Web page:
While the music world was looking to electronic means of reshaping guitar tone in the late 1960s, two young pioneering musicians were seeking a more mechanical route. Kevin Godley and Lol Creme would find fame and fortune in the 1970s as the drummer and guitarist, respectively, for the British art-rock quartet 10cc.
But in 1969, several years before they found international fame with the 10cc track “I’m Not in Love,” Godley and Creme, along with future band members Graham Gouldman and Eric Stewart, were running Strawberry Studios in England, where they wrote and demoed songs for other performers.
In need of a string section for one tune, Godley and Creme pondered whether it were possible to make an electric guitar sound like an orchestral stringed instrument.
“We began thinking that maybe what we were looking for wasn’t bowing in a traditional sense” Godley told Tom Avis. “So the thinking was, and it was a very spur-of-the-moment thing, ‘What if we got an electric drill and we put a piece of rubber on the end of the drill bit and hold it against the strings?’”
The results were encouraging enough that they hired an engineer to create a prototype device featuring six nylon wheels, each with 48 ridges that worked like tiny guitar picks to pluck a string 100 times per second when pressed into contact with it.
The Gizmotron was born.
Unlike the EBow (opens in new tab), the handheld, monophonic string-sustaining device developed independently at the same time, the Gizmotron was mounted to the guitar and could be used on all six strings simultaneously.
Though it wasn’t put into production at the time, the battery-operated hurdy-gurdy made appearances on various 10cc tracks between 1972 and 1976, the heyday of the group’s original four-piece lineup.
In 1977, Godley and Creme left 10cc to focus on the Gizmotron and released the album Consequences (opens in new tab) – with contributions from comedian Peter Cook and jazz singer Sarah Vaughan – as a demonstration record for the device.
Unfortunately, the Gizmotron was temperamental.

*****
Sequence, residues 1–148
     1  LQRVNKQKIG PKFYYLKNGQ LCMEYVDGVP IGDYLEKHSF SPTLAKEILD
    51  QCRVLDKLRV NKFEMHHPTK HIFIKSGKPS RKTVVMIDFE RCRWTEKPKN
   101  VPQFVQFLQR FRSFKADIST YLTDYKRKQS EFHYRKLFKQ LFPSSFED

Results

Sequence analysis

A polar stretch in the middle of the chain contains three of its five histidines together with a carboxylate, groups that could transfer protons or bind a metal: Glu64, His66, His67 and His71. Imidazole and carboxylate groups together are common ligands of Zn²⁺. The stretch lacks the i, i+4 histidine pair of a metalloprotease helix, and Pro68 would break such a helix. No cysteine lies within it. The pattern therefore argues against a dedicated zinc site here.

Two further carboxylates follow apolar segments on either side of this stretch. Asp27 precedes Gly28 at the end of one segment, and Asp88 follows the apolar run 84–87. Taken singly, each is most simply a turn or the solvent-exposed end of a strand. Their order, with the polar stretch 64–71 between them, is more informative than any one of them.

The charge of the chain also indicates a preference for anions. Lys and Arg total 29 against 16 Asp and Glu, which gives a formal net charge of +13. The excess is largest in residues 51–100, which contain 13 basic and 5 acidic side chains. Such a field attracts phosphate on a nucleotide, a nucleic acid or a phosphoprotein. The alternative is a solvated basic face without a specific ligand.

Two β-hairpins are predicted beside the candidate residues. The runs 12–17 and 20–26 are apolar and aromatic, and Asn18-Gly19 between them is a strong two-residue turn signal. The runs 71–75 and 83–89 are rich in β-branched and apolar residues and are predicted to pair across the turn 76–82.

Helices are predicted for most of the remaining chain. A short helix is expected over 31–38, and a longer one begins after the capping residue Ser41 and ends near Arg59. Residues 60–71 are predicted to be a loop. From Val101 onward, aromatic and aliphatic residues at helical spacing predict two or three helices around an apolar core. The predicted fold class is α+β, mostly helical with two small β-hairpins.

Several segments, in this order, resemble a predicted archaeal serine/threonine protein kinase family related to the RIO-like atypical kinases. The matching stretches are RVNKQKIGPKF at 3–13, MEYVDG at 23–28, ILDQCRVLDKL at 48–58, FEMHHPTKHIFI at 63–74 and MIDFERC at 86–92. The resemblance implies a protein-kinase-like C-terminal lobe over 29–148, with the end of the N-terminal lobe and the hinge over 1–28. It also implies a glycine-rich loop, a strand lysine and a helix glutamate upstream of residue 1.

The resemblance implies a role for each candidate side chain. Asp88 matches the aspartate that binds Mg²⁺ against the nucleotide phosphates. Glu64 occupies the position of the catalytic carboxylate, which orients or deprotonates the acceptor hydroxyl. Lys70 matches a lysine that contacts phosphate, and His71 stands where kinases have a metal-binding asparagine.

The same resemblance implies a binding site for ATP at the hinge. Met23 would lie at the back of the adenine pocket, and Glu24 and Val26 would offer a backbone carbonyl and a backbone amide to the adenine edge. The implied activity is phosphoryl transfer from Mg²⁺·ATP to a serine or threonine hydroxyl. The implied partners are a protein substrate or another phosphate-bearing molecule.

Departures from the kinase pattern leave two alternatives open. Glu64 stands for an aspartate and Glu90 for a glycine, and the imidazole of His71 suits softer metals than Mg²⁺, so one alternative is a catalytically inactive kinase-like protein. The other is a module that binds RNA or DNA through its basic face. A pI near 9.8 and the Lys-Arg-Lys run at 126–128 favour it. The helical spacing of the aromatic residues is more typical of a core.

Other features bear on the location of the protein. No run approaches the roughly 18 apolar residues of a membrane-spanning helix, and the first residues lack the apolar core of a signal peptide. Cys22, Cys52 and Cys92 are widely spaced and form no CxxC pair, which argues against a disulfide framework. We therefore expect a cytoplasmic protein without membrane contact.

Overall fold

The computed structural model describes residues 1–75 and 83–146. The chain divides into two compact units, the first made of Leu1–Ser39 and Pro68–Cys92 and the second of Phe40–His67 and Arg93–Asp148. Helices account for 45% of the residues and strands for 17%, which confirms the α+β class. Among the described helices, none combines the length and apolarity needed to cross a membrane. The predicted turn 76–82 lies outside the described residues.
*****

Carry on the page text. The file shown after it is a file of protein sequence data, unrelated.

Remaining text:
“Some days it sounded absolutely beautiful and other days it sounded like shit,” Godley said. “Sometimes it was like a chainsaw, and sometimes it sounded like a cello, and other times it varied between the two.”
Musitronics, maker of the Mu-Tron III, was brought on in 1978 to take the device into production, but the company was sold to synth maker ARP the following year.
The device it brought to market was even less musical than Godley and Creme’s prototype, and the spinning Delrin wheels wore down quickly in the hands of guitarists who pressed them too forcefully against the strings.
ARP recalled the Gizmotron, and by 1981, both were history.
For the next few decades, the Gizmotron was lost to the ages, its canon confined to a few cuts, like the intro of Led Zeppelin’s “In the Evening,” and the background pads of Paul McCartney’s “I’m Carrying,” as well as a handful of 10cc tracks.
Then, in 2015, Aaron Kipness brought the device to market as the Gizmotron 2.0, a re-engineered version of the original with improved design, performance and sound.
He finally got it right – and with Godley’s blessing too.
Click here (opens in new tab) for more information on the Gizmotron 2.0.
Christopher Scapelliti is editor-in-chief of Guitar Player (opens in new tab) magazine, the world’s longest-running guitar magazine, founded in 1967. In his extensive career, he has authored in-depth interviews with such guitarists as Pete Townshend, Slash, Billy Corgan, Jack White, Elvis Costello and Todd Rundgren, and audio professionals including Beatles engineers Geoff Emerick and Ken Scott. He is the co-author of Guitar Aficionado: The Collections: The Most Famous, Rare, and Valuable Guitars in the World (opens in new tab), a founding editor of Guitar Aficionado magazine, and a former editor with Guitar World, Guitar for the Practicing Musician and Maximum Guitar. Apart from guitars, he maintains a collection of more than 30 vintage analog synthesizers.
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